|God the Geometer, The Frontispiece of Bible Moralisee, mid-13th C.|
This chapter is the oh-so-familiar story of the creation of the universe. Anyone who has ever done any Bible study or, indeed, ever had their back to the wall when talking to a dedicated believer in science knows that Genesis is not worried about how creation occurred. It is concerned with the fact that God created everything and that God made man in His image. If you read it out loud and listen to the language and cadence you fall into it almost reads like a Psalm.
The major point made in the Bible is that, however Creation is interpreted, and whatever account of Creation one follows, God is the author of the story; and if there is a design, then God is the Designer. All the accounts of Creation in the Bible make this point. In this respect, the stories of the Bible differ hugely from other stories told about Creation in the religions and beliefs of the nations that surrounded Israel, such as Babylon and Assyria. The biblical writers used different stories of Creation, and at least two of these accounts are shared with Israel's neighbors in the ancient Near East. But the Bible retold these stories of other nations and - from its own point of view - corrected them to make its own basic point: the true reading of Creation sees it as the consequence of One who gives it order and sustains it's being.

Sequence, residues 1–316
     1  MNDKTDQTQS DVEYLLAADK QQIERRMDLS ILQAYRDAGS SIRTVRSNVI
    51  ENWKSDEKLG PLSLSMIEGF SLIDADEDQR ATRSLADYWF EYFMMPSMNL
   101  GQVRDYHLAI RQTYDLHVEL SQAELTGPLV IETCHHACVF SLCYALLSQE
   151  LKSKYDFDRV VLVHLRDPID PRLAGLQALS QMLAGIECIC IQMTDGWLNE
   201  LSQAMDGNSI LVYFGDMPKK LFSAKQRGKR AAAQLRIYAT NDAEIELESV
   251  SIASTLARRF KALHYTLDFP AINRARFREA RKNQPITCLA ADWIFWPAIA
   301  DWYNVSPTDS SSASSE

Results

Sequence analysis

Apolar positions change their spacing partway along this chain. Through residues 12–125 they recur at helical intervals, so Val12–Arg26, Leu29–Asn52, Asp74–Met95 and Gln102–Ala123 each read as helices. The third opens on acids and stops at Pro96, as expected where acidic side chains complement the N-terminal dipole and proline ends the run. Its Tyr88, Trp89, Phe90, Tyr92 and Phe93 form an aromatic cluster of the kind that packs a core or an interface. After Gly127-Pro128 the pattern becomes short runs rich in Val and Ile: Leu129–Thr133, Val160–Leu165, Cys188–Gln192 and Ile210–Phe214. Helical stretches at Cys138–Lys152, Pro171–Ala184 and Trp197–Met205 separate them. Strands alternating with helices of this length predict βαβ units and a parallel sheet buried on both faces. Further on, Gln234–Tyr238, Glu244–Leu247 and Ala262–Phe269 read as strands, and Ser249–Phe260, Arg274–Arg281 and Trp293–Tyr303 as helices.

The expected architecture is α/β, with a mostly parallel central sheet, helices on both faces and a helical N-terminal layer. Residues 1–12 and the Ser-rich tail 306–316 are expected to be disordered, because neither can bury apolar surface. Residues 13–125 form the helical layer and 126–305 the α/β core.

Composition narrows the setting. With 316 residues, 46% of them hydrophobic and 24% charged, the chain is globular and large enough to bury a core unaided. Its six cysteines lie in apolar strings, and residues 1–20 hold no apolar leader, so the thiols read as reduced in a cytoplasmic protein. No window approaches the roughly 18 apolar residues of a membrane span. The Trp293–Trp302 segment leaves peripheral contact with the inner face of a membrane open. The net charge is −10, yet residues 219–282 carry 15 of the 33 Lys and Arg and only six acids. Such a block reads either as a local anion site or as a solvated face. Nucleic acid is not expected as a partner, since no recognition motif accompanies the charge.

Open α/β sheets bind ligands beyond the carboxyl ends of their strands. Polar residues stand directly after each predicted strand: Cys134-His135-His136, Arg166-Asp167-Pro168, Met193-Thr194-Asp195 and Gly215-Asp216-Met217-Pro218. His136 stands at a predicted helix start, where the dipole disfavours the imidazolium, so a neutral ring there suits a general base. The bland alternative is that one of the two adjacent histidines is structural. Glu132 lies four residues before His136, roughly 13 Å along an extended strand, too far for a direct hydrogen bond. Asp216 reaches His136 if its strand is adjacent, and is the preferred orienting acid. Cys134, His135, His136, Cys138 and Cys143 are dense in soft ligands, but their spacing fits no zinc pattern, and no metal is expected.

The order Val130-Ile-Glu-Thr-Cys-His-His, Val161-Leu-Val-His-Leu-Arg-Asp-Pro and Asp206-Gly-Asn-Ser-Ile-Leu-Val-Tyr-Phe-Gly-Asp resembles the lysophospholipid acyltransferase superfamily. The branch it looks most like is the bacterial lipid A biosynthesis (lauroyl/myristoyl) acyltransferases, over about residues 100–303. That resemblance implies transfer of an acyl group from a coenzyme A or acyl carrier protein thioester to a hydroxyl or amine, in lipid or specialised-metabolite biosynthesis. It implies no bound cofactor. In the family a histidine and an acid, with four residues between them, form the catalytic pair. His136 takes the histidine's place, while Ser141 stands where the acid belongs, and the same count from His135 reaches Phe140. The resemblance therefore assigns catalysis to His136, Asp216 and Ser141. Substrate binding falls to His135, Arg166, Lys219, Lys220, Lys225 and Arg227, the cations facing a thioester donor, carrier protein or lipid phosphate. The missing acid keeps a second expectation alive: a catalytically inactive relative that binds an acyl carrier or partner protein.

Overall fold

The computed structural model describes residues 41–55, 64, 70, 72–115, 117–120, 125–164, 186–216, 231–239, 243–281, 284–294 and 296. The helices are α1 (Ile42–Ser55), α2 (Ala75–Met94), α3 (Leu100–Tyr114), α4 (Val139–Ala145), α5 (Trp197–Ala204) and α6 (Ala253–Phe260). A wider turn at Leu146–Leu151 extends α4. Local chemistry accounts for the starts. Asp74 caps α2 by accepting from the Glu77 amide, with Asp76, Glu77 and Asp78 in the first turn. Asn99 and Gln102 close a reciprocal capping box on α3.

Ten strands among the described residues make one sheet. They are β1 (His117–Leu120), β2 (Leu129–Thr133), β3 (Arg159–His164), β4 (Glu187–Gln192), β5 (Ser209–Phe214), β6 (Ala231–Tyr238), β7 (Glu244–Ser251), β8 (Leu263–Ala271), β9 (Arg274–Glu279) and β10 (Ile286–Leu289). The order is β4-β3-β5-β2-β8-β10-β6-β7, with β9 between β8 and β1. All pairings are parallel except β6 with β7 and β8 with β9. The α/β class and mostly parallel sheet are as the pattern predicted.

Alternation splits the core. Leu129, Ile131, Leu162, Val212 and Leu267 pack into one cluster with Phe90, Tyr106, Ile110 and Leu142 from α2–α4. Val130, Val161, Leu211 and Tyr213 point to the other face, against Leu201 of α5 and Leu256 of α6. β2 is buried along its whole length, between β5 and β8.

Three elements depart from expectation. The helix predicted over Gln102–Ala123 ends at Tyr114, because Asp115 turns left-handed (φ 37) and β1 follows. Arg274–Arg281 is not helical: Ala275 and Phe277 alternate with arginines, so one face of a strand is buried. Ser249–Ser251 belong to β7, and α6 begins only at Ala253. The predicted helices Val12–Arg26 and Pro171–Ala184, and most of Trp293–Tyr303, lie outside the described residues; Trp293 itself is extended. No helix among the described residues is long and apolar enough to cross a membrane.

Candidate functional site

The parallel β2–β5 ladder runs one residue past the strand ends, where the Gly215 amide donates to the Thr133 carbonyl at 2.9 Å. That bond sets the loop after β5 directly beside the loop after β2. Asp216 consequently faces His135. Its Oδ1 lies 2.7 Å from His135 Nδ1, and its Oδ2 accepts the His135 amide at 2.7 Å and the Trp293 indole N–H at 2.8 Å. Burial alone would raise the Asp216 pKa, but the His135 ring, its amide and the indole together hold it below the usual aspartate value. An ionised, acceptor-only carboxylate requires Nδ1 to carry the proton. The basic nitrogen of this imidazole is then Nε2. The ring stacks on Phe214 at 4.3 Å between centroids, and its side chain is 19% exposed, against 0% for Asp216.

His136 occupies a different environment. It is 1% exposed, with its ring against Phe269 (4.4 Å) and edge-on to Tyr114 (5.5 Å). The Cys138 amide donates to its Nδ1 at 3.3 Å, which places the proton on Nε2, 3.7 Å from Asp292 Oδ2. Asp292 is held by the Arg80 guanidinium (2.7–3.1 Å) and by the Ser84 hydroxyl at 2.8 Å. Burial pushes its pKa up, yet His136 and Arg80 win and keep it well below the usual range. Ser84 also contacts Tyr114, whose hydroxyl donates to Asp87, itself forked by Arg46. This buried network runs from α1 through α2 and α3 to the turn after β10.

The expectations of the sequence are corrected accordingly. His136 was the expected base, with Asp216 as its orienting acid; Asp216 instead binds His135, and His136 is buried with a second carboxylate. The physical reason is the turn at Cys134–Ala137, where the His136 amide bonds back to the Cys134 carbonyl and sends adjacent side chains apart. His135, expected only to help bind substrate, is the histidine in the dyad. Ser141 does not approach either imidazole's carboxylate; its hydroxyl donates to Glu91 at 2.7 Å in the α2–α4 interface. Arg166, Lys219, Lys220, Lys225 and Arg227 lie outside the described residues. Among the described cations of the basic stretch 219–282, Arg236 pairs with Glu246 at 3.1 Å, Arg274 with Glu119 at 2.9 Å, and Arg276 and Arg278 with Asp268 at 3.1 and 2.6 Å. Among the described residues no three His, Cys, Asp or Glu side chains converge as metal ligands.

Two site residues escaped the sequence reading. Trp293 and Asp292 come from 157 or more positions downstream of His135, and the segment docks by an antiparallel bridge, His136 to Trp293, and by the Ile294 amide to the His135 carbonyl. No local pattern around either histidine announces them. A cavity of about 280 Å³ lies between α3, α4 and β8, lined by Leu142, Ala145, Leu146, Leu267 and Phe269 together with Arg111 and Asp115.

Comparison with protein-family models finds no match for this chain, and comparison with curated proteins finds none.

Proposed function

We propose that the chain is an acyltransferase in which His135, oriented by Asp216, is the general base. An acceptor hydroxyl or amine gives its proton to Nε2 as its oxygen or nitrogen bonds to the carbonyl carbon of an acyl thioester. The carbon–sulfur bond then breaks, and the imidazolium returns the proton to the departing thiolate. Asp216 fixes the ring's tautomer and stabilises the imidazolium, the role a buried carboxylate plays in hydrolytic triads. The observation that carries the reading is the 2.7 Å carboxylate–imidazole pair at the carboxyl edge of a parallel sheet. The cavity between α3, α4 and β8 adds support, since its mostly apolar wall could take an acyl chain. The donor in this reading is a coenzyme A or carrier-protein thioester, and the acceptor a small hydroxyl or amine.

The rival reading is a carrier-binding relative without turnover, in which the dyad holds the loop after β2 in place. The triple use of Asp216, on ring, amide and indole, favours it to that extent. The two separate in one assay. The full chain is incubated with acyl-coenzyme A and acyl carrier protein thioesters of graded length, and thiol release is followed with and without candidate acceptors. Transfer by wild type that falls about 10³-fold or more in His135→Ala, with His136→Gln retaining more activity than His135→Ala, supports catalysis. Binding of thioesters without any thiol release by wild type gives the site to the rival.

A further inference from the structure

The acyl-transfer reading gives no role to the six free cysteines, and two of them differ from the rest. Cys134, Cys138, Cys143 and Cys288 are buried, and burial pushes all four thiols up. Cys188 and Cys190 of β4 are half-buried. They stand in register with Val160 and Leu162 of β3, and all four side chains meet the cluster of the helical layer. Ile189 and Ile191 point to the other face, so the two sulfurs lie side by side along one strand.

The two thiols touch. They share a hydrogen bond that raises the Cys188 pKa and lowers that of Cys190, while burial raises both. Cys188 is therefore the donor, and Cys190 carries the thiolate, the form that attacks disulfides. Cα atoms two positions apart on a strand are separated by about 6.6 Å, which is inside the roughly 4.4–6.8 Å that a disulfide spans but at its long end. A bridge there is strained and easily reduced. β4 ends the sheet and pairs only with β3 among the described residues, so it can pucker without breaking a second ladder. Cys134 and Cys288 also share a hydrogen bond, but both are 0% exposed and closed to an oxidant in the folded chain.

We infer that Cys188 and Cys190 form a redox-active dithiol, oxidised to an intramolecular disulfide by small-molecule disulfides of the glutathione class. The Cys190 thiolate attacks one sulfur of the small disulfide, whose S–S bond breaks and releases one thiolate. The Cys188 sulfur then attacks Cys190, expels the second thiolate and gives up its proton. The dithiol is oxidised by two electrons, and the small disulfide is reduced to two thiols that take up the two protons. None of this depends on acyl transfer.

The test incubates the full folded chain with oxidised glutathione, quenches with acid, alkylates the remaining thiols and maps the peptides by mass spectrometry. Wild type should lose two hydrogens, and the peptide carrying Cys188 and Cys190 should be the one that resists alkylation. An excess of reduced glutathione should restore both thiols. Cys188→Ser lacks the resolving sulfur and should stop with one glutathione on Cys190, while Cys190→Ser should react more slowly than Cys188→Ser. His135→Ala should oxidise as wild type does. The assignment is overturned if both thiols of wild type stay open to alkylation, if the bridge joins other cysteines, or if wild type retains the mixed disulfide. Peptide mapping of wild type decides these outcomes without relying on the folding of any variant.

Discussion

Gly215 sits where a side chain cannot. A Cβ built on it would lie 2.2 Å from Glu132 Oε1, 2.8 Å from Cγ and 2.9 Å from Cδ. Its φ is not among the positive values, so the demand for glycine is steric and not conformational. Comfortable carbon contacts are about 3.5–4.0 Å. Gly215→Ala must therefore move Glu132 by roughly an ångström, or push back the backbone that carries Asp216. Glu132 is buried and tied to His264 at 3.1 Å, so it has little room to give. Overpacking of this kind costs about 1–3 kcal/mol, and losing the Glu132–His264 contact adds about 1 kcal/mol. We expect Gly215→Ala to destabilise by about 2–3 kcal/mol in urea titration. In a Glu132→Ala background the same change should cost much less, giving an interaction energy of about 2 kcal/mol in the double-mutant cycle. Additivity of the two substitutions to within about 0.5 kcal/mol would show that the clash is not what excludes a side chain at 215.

The biblical account is coherent with many other stories, whether those of the Babylonian accounts of creation, or, much later, the theories of Darwin and his successors, and has translated them into an account that endures, even when Babylon and Darwin have faded into history. These different theories of Creation are not in competition with the Bible. The stories of Creation in the Bible give the reader the opportunity to go deeper into the understanding of the universe and of our place in it, to understand the way in which God brings all things into being and to understand how God is continually in the act of creating.